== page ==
A Patent grants the patent holder monopoly rights to make exclusive exploitation of the patented invention. In August Storck , the Supreme Court’s further stated that:
“The protection given to a patent is a limited time monopolistic protection. The owner of the patent is allowed to prevent others from using the patent without their permission or illegally”.
Article 49(a) of the Patent Law, 1967 states that:
“A patent holder is entitled to prevent any other person from exploiting the invention for which the patent has been granted without his permission or unlawfully, either in the manner defined in the claims or in a similar manner which – in the light of what is defined by those claims – involves the essence of the invention which is the subject matter of the patent”.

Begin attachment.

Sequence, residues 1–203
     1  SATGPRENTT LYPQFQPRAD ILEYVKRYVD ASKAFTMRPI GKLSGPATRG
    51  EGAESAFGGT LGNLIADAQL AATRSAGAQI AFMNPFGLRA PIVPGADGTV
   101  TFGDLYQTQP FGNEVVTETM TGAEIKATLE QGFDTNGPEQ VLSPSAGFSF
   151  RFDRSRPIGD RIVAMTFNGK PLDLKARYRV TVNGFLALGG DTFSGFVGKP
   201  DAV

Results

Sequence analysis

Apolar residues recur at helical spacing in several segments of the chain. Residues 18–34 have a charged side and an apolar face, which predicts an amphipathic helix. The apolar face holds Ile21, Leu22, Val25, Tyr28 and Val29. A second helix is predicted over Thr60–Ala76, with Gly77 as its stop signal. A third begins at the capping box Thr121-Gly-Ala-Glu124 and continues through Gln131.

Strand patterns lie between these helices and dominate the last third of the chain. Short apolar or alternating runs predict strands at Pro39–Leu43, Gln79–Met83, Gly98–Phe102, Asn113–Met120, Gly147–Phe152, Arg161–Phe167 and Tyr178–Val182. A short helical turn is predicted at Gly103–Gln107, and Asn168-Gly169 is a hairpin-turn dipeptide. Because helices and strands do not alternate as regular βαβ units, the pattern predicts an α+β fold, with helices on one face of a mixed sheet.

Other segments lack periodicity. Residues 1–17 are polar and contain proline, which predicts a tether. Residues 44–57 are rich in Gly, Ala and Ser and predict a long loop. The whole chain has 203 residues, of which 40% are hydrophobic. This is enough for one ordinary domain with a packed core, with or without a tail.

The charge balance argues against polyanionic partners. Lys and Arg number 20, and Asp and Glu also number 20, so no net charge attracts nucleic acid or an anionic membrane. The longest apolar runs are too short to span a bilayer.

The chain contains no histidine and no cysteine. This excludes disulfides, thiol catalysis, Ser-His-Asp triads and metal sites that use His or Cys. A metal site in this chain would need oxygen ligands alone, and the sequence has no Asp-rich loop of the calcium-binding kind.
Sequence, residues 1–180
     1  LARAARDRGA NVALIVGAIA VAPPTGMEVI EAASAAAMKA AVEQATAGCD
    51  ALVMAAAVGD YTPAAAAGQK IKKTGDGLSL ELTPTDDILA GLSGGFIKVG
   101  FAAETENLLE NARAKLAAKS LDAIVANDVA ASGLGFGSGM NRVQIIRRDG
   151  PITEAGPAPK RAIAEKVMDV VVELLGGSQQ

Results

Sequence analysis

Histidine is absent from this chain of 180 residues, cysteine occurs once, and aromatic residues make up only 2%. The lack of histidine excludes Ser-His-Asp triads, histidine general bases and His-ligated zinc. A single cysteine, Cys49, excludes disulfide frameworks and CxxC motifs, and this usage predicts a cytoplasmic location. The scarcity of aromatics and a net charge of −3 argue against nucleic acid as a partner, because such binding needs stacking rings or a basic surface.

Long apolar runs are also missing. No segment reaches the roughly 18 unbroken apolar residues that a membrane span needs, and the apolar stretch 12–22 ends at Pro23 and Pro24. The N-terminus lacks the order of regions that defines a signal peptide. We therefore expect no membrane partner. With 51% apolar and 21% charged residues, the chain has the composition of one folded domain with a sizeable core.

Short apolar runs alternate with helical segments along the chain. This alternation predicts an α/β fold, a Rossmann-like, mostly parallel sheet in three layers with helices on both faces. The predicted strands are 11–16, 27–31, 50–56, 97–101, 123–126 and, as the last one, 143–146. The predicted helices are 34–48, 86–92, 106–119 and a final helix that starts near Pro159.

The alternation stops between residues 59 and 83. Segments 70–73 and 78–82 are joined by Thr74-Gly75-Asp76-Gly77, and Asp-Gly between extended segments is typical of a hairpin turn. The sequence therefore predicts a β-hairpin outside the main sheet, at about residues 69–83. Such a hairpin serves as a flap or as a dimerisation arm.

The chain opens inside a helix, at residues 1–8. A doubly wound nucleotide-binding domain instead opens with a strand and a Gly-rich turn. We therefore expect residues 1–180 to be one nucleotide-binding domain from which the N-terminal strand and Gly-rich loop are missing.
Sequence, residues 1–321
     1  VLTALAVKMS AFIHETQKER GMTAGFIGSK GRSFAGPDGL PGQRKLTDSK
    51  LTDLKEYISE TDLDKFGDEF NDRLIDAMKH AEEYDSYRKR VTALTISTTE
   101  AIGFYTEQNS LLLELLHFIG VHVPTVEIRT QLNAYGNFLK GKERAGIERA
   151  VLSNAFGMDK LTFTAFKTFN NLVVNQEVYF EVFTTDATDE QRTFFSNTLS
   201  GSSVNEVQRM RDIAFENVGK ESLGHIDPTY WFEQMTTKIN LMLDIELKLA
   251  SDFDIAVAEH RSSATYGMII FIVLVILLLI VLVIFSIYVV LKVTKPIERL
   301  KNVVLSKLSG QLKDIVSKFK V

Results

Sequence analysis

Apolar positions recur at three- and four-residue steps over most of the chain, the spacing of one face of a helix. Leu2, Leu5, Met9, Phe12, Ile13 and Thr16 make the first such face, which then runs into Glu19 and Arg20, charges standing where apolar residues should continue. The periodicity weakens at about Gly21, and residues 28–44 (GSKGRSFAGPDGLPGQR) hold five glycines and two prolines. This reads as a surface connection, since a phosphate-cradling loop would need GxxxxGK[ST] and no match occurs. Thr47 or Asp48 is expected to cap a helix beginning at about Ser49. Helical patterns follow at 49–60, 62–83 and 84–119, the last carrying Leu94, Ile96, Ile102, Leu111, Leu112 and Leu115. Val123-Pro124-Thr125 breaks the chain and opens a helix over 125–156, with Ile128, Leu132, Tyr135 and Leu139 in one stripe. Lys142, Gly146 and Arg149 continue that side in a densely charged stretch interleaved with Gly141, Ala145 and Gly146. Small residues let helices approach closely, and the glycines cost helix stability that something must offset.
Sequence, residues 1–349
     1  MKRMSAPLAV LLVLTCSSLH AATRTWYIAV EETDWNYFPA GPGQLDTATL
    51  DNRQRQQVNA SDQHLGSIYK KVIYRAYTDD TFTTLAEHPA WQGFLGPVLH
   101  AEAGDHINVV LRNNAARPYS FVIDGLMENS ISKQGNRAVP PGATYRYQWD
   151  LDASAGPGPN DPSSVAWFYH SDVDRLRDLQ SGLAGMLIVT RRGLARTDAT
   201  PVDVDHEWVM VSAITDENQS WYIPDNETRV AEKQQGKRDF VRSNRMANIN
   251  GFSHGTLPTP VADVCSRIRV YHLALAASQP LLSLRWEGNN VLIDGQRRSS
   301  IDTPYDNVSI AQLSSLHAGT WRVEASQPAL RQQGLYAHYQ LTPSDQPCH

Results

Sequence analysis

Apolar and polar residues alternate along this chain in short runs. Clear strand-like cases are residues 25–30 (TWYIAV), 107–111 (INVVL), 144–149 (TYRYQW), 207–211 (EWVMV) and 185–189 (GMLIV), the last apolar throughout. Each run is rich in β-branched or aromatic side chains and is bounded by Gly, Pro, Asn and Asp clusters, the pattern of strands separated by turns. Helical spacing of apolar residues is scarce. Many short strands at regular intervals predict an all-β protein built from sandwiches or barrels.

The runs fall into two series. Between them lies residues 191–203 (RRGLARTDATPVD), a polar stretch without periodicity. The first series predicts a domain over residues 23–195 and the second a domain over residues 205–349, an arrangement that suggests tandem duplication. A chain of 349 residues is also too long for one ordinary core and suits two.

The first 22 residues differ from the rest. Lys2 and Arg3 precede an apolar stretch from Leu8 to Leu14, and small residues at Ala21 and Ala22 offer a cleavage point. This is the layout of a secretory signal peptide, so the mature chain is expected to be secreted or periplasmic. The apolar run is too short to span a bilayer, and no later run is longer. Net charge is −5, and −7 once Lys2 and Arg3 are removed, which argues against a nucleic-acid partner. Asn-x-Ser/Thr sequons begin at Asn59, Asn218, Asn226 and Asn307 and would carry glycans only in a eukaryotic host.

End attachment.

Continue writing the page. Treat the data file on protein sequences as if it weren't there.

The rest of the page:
The term “exploitation of an invention” is explained in Section 1 of the Israeli Patents Act:
“(1) in respect of an invention that is a product – any act that is one of the following: production, use, offer for sale, sale or import for purposes of one of the said acts;
(2) in respect of an invention that is a process – use of the process, and in respect of a product directly derived from the process – any act that is one of the following: production, use, offer for sale, sale, or import for purposes of one of the said acts”.
A commentary to this section was given in the Zhori & Sons Industries case , where the court ruled that the “right to use an invention is not an absolute right, the protection given to the owner of the patent is not unlimited, and the establishing of its boundaries is a matter for purposive interpretation, bound also by considering the balance between several opposing values: the general public’s freedom of occupation that the monopoly given for patents might limit; the patent owner’s property right to harvest the fruit of their labor and investment and the public’s interest in encouraging incentives for the creators of new ideas”.